ACOUSTIC TROUBADOUR: John Oates, best known as being half of the hugely successful blue-eyed soul duo Hall &Oates, will perform a solo acoustic show in San Juan Capistrano on Oct. 15, 2008.
John Oates' sophomore solo release, "1000 Miles of Life," was released Sept. 23, 2008 and is a strong follow-up to 2002's "Phunk Shui." While fans of the blue-eyed Philadelphia soul that have made him and Daryl Hall the most successful duo in history with 10 No. 1 albums and more than 20 top 40 hits will welcome tracks such as heartfelt "Spinning Down" and blues-tinged rocker "Carved in Stone. There is an authentic Americana-styled tone that runs across the disc.
Indeed, one of the highlights on the album is the beautiful "I Found Love," which features the sound of banjo, mandolin and other bluegrass sounds positioned around Oates' superb voice. Oates wrote the song for his wife Aimee back in 1993, but put it aside when he realized it had a country sound and wouldn't work on a Hall & Oates project.
"I knew it needed a special treatment," Oates said of the song in a recent interview. Oates lives on a ranch outside of Aspen, Colo., with his wife and their 12-year-old son Tanner.
"So I got Bela Fleck on banjo, Jerry Douglas on dobro and Sam Bush on mandolin. They're the crème de la crème of that bluegrass world. And to have them all playing together on that one song was one of those moments where I felt like 'Wow,' I've put myself in this position where I can play with one of the greatest group of players in the world on a song to me that is very personal and very important, and to have them surround that song with the beauty of their playing – you know, you just don't get moments like that. It is a very special thing for a musician."
Oates is thrilled to perform with his three-member acoustic combo at the Coach House on Oct. 15. He is only playing a handful of these intimate dates in connection with the release of "1000 Miles of Life."
"It's more like an evening with (John Oates)," explained Oates, noting he has performed with Hall at a number of shows in Orange County over the years, but never at the Coach House.
"I don't really put a time limit on it. I have a general idea of what I'm going to do and then I take it from there. You never know. People call out a song; after all, doing what I do and writing songs for 30 years, I have a lot of songs that are not only hits when you talk about Hall & Oates but other songs that were album tracks. This show gives me an opportunity to reach into the catalog and pull out things that normally don't get played anymore at a Hall & Oates show, and of course I have a new album, so I do a lot of songs from the new album."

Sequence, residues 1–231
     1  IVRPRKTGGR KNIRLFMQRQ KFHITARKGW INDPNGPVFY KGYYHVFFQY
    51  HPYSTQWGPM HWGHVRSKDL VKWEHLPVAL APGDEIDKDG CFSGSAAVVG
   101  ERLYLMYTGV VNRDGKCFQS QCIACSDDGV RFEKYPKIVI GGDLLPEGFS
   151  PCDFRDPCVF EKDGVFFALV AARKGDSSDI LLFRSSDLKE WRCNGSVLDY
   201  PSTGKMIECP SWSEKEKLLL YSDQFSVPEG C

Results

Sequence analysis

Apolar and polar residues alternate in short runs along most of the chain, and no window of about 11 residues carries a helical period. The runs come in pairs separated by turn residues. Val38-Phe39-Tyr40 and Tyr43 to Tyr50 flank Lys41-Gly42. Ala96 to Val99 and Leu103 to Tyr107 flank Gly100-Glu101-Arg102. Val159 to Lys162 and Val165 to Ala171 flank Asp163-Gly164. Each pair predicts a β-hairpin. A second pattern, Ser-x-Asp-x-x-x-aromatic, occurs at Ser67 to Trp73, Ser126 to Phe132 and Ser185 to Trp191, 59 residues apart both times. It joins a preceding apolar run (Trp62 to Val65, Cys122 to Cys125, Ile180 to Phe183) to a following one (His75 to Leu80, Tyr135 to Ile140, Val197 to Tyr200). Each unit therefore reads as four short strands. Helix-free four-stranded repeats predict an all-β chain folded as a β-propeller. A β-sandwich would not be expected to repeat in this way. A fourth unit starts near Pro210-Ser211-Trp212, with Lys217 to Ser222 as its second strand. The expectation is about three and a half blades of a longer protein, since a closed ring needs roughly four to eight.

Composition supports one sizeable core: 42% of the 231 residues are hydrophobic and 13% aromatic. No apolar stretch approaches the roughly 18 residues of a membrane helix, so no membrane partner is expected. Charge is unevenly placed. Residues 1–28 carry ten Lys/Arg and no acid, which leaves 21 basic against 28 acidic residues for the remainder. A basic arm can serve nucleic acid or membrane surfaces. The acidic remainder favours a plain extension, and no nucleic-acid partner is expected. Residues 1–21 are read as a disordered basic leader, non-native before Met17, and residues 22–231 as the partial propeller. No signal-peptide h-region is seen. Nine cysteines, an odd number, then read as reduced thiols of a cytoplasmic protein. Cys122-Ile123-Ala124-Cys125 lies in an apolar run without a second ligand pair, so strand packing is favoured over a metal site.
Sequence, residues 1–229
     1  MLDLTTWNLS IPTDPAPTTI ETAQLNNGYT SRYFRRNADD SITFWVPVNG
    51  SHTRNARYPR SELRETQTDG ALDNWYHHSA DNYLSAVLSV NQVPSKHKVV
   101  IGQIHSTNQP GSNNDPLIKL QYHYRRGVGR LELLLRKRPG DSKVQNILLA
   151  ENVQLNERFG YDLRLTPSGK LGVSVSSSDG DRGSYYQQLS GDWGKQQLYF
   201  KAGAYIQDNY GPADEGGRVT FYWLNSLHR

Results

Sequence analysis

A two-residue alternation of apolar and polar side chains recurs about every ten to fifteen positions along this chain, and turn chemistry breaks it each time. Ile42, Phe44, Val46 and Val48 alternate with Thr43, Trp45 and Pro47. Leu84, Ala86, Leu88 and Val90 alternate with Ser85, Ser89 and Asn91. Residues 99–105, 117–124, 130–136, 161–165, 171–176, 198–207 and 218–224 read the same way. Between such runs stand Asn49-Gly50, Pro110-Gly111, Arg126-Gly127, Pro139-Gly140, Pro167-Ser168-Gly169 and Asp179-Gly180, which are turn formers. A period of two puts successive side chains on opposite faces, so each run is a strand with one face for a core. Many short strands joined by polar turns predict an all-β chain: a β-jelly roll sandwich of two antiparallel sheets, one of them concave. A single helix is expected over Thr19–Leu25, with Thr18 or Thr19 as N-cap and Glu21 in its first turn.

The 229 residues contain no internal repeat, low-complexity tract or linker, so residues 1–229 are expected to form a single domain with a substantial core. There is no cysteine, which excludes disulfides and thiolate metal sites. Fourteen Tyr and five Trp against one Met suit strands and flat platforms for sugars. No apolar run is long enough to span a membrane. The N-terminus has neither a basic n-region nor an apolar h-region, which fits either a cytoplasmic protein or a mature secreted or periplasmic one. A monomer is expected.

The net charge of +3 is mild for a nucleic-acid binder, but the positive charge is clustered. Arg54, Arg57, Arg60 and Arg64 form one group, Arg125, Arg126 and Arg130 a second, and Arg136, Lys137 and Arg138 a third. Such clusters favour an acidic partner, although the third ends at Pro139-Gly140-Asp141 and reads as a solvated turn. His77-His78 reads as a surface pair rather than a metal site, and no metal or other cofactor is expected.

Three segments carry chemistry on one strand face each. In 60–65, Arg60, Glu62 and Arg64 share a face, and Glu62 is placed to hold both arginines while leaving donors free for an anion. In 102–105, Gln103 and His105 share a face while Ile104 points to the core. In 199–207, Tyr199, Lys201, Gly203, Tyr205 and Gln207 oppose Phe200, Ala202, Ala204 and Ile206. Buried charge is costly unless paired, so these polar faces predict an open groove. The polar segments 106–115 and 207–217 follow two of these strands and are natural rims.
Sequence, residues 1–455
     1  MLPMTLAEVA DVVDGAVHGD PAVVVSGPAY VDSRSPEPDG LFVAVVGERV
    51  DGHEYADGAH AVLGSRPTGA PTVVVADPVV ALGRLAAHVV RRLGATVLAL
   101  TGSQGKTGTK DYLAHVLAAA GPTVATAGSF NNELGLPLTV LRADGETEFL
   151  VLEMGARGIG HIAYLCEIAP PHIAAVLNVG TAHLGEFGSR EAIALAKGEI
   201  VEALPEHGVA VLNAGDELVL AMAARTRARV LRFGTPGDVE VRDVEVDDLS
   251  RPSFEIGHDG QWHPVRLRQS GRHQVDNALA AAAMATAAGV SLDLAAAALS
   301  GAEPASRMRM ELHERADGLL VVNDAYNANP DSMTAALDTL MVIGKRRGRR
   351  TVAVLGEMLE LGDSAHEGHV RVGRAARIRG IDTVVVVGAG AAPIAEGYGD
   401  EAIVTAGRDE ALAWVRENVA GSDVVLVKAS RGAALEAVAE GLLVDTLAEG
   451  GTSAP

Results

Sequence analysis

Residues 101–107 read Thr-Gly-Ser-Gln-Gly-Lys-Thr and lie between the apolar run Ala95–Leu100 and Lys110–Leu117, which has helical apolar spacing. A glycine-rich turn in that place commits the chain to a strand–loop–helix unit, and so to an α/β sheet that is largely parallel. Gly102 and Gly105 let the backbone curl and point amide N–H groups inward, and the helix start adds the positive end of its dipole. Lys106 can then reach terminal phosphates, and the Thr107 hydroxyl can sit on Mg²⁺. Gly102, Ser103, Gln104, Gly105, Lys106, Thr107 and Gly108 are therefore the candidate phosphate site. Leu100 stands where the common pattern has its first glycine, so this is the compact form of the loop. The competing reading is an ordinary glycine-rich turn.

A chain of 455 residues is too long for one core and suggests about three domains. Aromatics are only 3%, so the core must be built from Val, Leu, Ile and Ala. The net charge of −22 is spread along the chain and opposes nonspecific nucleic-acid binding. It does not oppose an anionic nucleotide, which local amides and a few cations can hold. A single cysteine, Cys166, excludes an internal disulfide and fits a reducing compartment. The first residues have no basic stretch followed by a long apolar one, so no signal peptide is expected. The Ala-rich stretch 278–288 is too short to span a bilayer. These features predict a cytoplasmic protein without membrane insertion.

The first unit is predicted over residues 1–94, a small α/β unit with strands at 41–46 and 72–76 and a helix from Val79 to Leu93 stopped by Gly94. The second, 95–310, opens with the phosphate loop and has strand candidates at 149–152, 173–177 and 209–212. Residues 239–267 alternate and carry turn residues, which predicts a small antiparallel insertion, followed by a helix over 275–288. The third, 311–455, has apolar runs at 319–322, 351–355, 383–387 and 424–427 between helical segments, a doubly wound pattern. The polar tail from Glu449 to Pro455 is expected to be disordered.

While Oates is currently focused on his solo album and related acoustic shows, he and Hall continue to make music together as well. On Nov. 25, Shout! Factory will release a deluxe DVD/2-CD combo (also available on Blu-ray) "Live At The Troubadour" chronicling the duo's performances at the historic Los Angeles venue in May 2008 featuring well-known hits ("Rich Girl," "Kiss on My List," "Out of Touch"), as well as live versions of more recent songs like "Getaway Car."
Another notable release of interest to fans is a remastered reissue of "Along the Red Ledge." Released in September 1978, "Along the Red Ledge" featured the duo working with a number of players such as Cheap Trick guitarist Rick Nielsen, King Crimson guitarist Robert Fripp, singer-songwriter-producer Todd Rundgren and former Beatles guitarist George Harrison.
It was a mutual interest in auto racing that paved the way for Harrison to come play slide guitar on the song "The Last Time."
"During the Long Beach Grand Prix we were recording and I was down there with George (in Long Beach) watching the race and hanging out with him," Oates recalled. "I asked him because we recorded that album in Los Angeles; I asked him if he would sit in and play on a song. He said, 'Oh sure' and he came down and played, and it was great. He was a complete gentleman."
In addition, an ever-growing number of young musicians (notably Gym Class Heroes, Finger Eleven and KT Tunstall) have been heralding the duo's music this decade.
This writer admits to being confused as to why Hall & Oates have not been inducted into the Rock and Roll Hall of Fame; I shared that view with Oates toward the end of our conversation.
"There is a lot of politics involved," Oates said. "There are a lot of personalities involved. I personally feel we deserve it and that goes without saying. But we're not in a position to dictate that kind of thing.
"You know, Daryl and I were voted into the American Songwriters Hall of Fame about four years ago and we were also won the BMI Icon Award (on May 20, 2008, as part of the 56th annual Pop Awards), both of which are awards for songwriting. And for us, personally, I find it satisfying to be in that category and to be among the people in the Songwriters Hall of Fame.
"For me, it's all about the songs and all about the songwriting and that's how we started and I think that's essence of what Daryl and I do individually and collectively, so I'm proud of that. If the day comes and we get voted into the Rock 'n' Roll Hall of Fame, that will be amazing; I'll be there with bells on. But until that happens I won't lose any sleep over it."